All of these costs are better absorbed by high-price luxury cars and their well-heeled buyers than sub-$25,000 cars and their budget-minded drivers. This dynamic makes luxury cars and their wider margins an ideal starting place for electrification — hiding the cost of switching from gas to electricity in city cars’ razor-thin margins simply doesn’t work. The $30,000 Nissan Leaf and $37,500 Chevy Bolt could be seen as exceptions here, but still carry higher prices than their combustion-powered counterparts.
Tesla boss Elon Musk recently explained all of this when he was asked why the $35,000 Model 3, which was announced in March of 2016, was not yet even in production, let alone available for purchase. Musk tweeted in March of this year that this entry-level car (as opposed to the $44,000+ version Tesla sells now) will arrive “three to six months” after Model 3 production reaches 5,000 vehicles per week.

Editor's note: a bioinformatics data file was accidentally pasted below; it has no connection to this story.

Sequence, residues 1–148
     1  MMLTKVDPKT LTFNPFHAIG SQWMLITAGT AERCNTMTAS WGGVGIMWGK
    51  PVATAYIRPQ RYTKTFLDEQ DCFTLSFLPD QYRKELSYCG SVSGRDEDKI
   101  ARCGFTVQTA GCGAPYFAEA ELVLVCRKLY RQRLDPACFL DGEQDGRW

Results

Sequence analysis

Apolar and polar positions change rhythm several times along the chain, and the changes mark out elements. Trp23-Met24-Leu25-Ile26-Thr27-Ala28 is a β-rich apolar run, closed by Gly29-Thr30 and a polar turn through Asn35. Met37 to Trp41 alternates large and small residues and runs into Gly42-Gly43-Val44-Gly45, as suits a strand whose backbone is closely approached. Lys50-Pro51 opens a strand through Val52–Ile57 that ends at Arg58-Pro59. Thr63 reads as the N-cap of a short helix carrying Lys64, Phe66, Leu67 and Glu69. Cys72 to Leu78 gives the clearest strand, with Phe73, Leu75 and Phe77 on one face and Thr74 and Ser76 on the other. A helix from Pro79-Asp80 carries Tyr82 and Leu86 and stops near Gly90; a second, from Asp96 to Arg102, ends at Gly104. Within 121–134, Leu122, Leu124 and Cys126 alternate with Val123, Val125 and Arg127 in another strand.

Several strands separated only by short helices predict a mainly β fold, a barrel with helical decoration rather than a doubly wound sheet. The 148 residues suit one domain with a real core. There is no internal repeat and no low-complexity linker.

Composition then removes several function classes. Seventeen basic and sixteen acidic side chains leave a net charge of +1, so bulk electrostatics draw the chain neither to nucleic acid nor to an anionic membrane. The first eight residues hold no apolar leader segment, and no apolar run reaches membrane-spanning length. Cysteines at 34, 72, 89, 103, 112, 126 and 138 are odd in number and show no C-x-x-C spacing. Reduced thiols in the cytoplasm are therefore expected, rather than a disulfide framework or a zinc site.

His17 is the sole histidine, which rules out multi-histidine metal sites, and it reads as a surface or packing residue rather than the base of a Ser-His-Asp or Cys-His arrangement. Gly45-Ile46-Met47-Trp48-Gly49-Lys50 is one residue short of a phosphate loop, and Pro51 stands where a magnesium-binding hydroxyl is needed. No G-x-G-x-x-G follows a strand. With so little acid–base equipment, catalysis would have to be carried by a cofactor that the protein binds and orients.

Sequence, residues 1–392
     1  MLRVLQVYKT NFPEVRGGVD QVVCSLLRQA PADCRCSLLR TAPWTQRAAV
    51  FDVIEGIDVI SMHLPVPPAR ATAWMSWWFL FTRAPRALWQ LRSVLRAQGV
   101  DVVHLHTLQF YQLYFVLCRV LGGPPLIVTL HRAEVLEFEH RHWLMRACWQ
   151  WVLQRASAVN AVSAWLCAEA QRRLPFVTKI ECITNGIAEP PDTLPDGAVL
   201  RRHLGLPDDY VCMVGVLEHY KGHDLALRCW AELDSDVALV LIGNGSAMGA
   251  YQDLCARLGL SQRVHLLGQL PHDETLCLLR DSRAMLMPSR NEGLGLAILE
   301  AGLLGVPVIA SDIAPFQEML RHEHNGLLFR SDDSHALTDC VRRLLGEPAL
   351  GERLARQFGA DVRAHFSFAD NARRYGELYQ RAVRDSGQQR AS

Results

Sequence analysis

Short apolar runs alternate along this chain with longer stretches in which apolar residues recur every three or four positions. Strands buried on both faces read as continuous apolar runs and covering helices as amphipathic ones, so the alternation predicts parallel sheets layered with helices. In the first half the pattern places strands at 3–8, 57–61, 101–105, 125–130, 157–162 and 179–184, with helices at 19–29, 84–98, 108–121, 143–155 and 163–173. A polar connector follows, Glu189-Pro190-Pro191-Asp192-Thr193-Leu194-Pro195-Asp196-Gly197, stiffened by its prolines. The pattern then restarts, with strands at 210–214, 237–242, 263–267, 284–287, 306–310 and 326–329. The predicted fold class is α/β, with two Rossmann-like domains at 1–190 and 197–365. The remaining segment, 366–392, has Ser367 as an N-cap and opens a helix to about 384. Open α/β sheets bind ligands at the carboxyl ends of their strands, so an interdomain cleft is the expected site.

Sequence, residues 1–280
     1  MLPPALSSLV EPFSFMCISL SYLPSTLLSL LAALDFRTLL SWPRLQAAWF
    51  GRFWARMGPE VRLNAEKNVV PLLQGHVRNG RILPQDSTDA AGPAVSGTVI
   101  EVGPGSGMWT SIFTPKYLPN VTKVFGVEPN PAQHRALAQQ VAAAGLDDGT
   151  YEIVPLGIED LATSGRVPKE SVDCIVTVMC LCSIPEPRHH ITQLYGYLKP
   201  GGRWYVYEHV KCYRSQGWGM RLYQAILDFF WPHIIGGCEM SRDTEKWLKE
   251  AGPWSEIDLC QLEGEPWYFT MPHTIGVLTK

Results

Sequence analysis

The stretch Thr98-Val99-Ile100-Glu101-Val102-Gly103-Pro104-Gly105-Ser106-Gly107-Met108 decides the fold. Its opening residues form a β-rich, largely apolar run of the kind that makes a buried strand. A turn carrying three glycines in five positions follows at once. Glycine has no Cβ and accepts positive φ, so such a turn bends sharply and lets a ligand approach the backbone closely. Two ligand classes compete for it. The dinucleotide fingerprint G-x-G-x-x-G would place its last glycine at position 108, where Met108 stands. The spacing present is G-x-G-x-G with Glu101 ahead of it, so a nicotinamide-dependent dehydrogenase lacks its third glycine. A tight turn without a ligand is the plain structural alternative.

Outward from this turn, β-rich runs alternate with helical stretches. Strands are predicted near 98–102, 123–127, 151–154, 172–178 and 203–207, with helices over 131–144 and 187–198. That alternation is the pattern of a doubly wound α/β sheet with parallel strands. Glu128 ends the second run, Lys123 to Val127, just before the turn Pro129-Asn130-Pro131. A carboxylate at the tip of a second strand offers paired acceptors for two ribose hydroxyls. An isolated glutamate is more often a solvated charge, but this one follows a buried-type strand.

“Shipping the minimum-cost Model 3 right away would cause Tesla to lose money and die,” Musk added.
Tesla hit the 5,000 vehicles-per-week milestone in early July, so the cheapest Model 3 might finally arrive in early 2019, three years after pre-orders opened.
The danger of selling cheap electric cars too soon was made painfully clear by Sergio Marchionne, the late Fiat Chrysler boss and Ferrari chairman who, in 2014, sensationally demanded that the public stop buying the Fiat 500e, an electric city car.
“I hope you don’t buy it because every time I sell one it costs me $14,000,” he said, adding: “I will sell the minimum of what I need to sell [to meet California zero-emission vehicle mandates] and not one more.”